Euro zone economy to shrink again … "The improved financial market situation contrasts with the absence of credit growth and the weakness of the near-term outlook for economic activity," said Marco Buti, the commission's director-general for economic and monetary affairs. "The labor market… is a serious concern," he said, in a preamble to the Commission's latest forecasts. But the damage from the 2008/2009 global financial crisis and the ensuing euro zone debt crisis has been greater than expected on the real economy, with global demand for euro zone exports one of the few saviors in terms of generating growth. Joblessness in the euro zone is set to peak at 12.2 percent, or more than 19 million people, in 2013, the Commission said, and both private and public consumption will not make any contribution to improving output, instead dragging on the economy. – Reuters
Dominant Social Theme: We need to turn to central banking for help with the Euro economy – there is simply no other way.
Free-Market Analysis: The European dialectic is alive and well in the Eurozone and beyond. Across the EU, recession (depression) spreads and we are told that the only response is a central banking one.
The EU economic morass can only be alleviated by additional easing as the spigot of additional credit is generously opened. European depression. Central bank alleviation. A box that the mainstream media constructs with constant iterations. The only question is how active central bankers will be.
The outlook raises the prospect of further interest rate cuts by the ECB to jump-start the economy by reducing the cost of lending for companies and families, although with banks reluctant to lend, any impact may be muted.
Consumer inflation is forecast by the Commission to be 1.8 percent for 2013, and with such pressures contained the ECB may feel more comfortable cutting rates to below the current 0.75 percent level.
"A cut in the main refinancing rate is not the most powerful measure the ECB could implement, but it is a step in the right direction," investment bank JP Morgan wrote in a note this week.
The Commission's overall view is a touch more pessimistic than that of the International Monetary Fund, which sees a 0.2 percent euro zone contraction this year.
Across Europe, resentment rises as technocratic plans fail. Mario Monti in Italy struggles with Silvio Berlusconi who is not by any means the first choice of those who wish to perpetuate the power of the European Union.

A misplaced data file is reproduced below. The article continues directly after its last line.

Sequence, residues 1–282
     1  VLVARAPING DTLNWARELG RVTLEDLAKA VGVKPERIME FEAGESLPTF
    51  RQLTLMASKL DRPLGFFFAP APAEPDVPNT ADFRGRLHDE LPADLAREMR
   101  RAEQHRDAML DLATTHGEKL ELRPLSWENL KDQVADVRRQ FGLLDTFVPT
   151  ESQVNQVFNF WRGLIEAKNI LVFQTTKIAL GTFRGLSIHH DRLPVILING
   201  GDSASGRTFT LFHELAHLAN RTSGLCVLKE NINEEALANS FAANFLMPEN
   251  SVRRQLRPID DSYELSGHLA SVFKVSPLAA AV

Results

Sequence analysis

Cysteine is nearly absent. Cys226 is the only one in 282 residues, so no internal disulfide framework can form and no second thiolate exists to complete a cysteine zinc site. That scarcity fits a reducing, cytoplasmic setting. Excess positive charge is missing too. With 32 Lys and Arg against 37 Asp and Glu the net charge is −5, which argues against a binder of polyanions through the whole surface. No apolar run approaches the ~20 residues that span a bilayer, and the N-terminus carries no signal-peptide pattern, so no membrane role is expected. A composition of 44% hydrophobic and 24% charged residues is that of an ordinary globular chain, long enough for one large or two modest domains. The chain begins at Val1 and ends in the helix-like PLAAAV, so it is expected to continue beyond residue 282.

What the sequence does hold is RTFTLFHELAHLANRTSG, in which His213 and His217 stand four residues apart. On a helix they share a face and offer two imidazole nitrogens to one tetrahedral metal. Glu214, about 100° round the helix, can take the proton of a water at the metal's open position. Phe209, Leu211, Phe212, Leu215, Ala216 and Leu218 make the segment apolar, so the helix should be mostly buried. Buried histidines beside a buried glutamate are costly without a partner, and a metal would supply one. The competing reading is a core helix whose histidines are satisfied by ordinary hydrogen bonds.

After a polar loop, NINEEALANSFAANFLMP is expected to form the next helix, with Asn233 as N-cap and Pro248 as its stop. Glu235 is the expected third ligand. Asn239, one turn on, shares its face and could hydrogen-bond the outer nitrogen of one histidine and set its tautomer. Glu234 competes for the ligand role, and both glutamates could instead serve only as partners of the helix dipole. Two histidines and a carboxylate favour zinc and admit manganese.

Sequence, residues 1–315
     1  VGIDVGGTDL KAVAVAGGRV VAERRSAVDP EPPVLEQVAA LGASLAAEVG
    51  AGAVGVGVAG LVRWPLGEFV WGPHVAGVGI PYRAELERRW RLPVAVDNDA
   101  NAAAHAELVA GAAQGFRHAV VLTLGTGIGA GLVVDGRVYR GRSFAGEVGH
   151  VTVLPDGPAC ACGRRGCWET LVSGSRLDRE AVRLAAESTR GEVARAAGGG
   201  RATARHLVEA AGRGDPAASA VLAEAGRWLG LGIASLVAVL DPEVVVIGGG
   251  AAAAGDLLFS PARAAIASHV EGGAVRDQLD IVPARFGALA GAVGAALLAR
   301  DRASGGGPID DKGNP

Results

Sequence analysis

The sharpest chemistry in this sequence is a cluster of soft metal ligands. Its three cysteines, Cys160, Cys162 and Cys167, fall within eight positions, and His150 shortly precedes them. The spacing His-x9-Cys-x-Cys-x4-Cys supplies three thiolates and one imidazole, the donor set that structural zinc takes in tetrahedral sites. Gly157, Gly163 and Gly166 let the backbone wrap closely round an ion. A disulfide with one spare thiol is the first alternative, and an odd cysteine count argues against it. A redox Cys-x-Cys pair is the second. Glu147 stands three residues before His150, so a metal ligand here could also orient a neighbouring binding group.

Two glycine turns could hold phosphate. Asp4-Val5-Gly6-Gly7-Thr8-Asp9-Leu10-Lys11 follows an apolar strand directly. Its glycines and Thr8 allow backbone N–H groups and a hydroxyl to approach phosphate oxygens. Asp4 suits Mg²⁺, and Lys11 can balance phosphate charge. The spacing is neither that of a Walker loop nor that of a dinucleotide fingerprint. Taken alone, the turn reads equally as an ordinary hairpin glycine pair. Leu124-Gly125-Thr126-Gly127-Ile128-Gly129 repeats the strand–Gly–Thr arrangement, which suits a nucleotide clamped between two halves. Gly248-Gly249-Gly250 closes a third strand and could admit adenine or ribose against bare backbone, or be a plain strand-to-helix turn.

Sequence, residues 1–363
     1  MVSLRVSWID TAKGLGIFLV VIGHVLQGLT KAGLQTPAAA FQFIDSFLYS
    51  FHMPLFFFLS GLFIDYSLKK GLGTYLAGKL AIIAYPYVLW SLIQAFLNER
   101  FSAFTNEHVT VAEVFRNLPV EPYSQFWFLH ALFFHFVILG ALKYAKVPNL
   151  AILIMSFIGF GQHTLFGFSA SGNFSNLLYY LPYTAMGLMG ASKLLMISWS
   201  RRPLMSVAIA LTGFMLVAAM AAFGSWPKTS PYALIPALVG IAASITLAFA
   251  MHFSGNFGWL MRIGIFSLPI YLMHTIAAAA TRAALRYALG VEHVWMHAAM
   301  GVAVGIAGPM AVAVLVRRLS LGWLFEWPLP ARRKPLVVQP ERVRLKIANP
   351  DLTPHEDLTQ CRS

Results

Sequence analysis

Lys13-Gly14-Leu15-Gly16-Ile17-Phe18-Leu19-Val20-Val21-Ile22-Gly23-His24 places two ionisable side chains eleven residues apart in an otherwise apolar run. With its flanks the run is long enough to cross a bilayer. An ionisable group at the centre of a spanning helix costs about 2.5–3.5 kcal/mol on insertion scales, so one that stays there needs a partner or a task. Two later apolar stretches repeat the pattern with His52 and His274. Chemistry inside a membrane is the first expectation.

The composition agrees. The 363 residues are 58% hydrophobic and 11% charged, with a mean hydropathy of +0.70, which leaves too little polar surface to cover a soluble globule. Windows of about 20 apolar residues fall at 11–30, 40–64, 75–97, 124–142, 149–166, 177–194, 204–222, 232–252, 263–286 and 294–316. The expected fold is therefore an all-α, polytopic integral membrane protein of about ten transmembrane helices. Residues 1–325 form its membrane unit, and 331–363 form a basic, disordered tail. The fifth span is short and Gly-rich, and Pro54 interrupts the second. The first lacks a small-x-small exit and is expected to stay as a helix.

Spanish unemployment is filled with improbably high numbers. About half of all young people searching for work can't find it. Greece is in even worse shape. France is beginning to implode as well. Portugal is well on the way.
None of this is reported by the mainstream. It is much easier to provide what we call a dialectic, offering up simple choices and eschewing any conversation over what really happened.
The European Union is in a slump. Central bankers will have to find a way out.
It's NOT what happened. The reality is that the slump was driven by central banking – manipulated by monopoly fiat money that caused first a tremendous boom and then an ongoing bust.
We're not supposed to think outside the box: But here is a prediction … Many people ARE.
The tribes of Europe are increasingly furious, just as we predicted long ago. Again, there is under-reporting but we keep track of both riots and secession movements. Spain, especially, is splitting apart and the social fabric in Greece, France, Italy and Portugal is increasingly threadbare.
The plan – as enunciated by top EU leaders over the decades – was to create a crisis that would result in the efficient creation of a greater political union. Instead, what we call the Internet Reformation has exposed these plans and made their implementation more difficult.
It is hard to engage in a conspiracy when everyone is well aware of its existence and implementation.
Europeans are not supposed to think outside of the guidelines being set by Reuters and other mainstream media.
Sour economy/central bank easing.
The solution to the problem leaves intact the facilities of those who created the problem in the first place. But that doesn't mean they are being accepted.
The longer Europe's economic crisis drags on, the less the solutions of Money Power shall be welcomed or accepted. The dialectic has been established and promoted but increasingly Europe's seething tribes are simply rejecting it. This is a problem now and a crisis tomorrow.
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